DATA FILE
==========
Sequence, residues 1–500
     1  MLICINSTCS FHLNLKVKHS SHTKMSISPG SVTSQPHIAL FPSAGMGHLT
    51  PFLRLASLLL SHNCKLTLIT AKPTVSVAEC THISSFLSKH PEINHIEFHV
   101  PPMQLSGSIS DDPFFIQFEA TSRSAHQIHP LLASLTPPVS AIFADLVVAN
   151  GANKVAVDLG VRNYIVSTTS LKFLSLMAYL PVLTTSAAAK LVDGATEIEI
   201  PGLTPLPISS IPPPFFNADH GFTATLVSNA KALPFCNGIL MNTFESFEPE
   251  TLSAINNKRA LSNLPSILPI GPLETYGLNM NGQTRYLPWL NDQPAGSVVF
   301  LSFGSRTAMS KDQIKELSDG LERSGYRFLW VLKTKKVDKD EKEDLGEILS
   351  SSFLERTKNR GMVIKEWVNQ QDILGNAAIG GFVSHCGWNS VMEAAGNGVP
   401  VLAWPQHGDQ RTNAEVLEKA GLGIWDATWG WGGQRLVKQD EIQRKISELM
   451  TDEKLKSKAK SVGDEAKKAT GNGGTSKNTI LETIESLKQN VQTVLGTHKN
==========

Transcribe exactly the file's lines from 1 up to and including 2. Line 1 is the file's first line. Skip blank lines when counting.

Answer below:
Sequence, residues 1–500
     1  MLICINSTCS FHLNLKVKHS SHTKMSISPG SVTSQPHIAL FPSAGMGHLT